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Burger

(Object Lessons)

3.55  ·  Rating details ·  42 ratings  ·  19 reviews
Object Lessons is a series of short, beautifully designed books about the hidden lives of ordinary things.

The burger, long the All-American meal, is undergoing an identity crisis. From its shifting place in popular culture to the efforts, by investors like Bill Gates, to seek to find the non-animal burger that can feed the world, the burger's identity has become as malleab
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Paperback, 160 pages
Published March 8th 2018 by Bloomsbury Academic
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Joseph
Dec 15, 2017 rated it really liked it
Shelves: food
Burger by Carol J. Adams is a look at perhaps the most American sandwich. Adams is a feminist-vegan advocate, activist, and independent scholar and the author of numerous books including her pathbreaking The Sexual Politics of Meat: A Feminist-Vegetarian Critical Theory, now in a Bloomsbury Revelations edition celebrating its 25th anniversary. She is the co-editor of several important anthologies, including most recently Ecofeminism: Feminist Intersections with Other Animals and the Earth (with ...more
Peacegal
Oct 28, 2018 rated it really liked it
OBJECT LESSONS is a book series that looks at an everyday idea or product, and explores it more in-depth. And there is a lot more than meets the eye when it comes to the ordinary hamburger, posits author Carol J. Adams.

I appreciated the lens through which burger culture, advertising, history and future was appraised. Adams is both a feminist and a vegan, and I think that she could take a more clear-eyed, critical look at the burger than could an author who does not identify in these ways. In sho
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Marie Andrews
Burger by Carol J. Adams is a short book which tells the history of the burger, from it's origins and definitions, to the huge rise in consumerism with companies such as McDonalds. It also looked at what the future will hold for this food and the rise in plant-based diets and what this means for a food that is such a staple for many diets across the world.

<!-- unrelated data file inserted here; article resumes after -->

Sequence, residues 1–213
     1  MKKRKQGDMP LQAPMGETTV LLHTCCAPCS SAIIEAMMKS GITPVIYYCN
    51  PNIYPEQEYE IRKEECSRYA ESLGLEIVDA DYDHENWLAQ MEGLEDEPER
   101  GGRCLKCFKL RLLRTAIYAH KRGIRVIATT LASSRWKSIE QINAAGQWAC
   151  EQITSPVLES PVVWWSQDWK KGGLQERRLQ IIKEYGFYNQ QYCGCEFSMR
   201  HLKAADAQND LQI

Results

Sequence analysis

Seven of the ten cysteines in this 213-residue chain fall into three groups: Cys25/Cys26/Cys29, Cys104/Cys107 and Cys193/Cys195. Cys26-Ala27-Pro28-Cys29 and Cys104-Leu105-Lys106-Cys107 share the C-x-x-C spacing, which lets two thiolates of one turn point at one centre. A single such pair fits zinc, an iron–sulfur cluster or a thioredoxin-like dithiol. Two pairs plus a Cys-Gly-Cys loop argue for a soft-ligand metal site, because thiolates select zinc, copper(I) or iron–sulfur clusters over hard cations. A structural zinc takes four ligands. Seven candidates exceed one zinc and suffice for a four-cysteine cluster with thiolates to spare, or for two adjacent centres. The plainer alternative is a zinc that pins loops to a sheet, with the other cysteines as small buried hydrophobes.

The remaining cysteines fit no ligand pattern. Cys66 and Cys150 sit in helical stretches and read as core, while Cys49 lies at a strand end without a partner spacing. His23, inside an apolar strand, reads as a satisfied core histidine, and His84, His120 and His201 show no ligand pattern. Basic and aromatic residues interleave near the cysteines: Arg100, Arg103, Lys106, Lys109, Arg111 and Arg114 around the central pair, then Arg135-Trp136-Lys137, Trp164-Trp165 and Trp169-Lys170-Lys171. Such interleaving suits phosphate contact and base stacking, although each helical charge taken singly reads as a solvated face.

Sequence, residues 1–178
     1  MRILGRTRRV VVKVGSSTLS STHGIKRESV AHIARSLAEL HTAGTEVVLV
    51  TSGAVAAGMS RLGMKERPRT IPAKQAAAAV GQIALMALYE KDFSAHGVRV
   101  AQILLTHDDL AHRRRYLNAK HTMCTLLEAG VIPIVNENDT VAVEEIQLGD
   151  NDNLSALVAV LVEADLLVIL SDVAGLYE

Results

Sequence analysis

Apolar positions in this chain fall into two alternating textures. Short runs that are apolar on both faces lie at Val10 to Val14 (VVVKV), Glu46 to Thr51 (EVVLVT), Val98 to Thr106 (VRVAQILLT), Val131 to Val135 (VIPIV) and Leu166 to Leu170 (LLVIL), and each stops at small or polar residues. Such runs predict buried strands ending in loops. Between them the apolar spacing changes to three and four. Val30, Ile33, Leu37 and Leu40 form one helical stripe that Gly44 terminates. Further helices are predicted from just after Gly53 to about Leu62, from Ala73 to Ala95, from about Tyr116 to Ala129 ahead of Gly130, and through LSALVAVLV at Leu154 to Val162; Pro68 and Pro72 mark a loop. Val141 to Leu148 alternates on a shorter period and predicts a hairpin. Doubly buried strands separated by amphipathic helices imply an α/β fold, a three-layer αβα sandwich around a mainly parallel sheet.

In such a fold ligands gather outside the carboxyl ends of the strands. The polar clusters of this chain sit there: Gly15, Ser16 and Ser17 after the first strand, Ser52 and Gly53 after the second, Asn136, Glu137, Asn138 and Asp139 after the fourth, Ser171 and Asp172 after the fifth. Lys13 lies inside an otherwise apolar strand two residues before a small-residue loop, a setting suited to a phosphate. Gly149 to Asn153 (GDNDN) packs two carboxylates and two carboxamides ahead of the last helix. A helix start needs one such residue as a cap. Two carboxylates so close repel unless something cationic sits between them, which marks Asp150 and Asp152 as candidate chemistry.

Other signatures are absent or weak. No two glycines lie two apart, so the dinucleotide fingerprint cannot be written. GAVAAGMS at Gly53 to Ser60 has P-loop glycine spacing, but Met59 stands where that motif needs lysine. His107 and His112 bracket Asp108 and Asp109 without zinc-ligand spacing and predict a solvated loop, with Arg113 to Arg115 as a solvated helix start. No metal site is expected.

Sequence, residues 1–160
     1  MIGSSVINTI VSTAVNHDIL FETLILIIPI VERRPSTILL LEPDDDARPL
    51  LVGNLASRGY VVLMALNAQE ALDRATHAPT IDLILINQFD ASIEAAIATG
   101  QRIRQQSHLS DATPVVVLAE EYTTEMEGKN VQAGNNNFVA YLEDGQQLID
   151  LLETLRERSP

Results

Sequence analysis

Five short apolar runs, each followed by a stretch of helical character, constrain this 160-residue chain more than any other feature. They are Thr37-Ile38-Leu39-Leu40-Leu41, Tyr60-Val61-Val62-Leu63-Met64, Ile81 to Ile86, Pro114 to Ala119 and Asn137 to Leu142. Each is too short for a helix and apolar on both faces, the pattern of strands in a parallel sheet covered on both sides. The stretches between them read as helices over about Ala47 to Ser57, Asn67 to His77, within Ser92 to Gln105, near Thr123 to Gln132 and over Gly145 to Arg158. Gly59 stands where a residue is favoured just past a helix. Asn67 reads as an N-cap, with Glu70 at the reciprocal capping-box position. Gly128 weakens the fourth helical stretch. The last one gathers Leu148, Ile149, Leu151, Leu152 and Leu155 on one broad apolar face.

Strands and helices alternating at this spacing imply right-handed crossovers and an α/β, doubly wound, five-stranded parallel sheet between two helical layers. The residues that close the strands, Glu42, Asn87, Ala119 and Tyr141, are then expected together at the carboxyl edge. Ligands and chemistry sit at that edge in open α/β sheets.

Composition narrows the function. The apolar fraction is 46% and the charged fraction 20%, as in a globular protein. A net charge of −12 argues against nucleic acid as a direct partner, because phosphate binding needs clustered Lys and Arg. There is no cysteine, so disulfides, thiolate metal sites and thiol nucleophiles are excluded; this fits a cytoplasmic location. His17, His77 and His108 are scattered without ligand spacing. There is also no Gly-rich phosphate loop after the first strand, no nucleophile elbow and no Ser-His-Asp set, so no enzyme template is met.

It was interesting to read about the culture and consumerism which surrounds the burger and it's clear that this book was very well researche
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Geoffrey
Nov 26, 2017 rated it really liked it
(Note: I received an advanced electronic copy of this book courtesy of NetGalley)

I admittedly opened up “Burger” expecting a work that was going to be first and foremost a history, with very quick snippets about various cultural aspects sprinkled throughout. Suffice to say, my assumptions did not match up to reality. The history is only one part of a very in-depth overview, which covered everything from the environmental effects of burger consumption, to the themes of sexual objectification that
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Theediscerning
Nov 17, 2017 rated it really liked it
I've defined this series on multiple occasions in the past as discursive, academic, autobiographical tomes that look at things you'd never consider being worthy of a book to themselves, the bookshelf being one such instance (and one instance of the series being completely successful and enjoyable). There have been countless volumes about the burger, however - yet this one is a prime cut among the reconstituted pink shit. You need cattle ferried to the US by the Spanish invaders, and land stolen ...more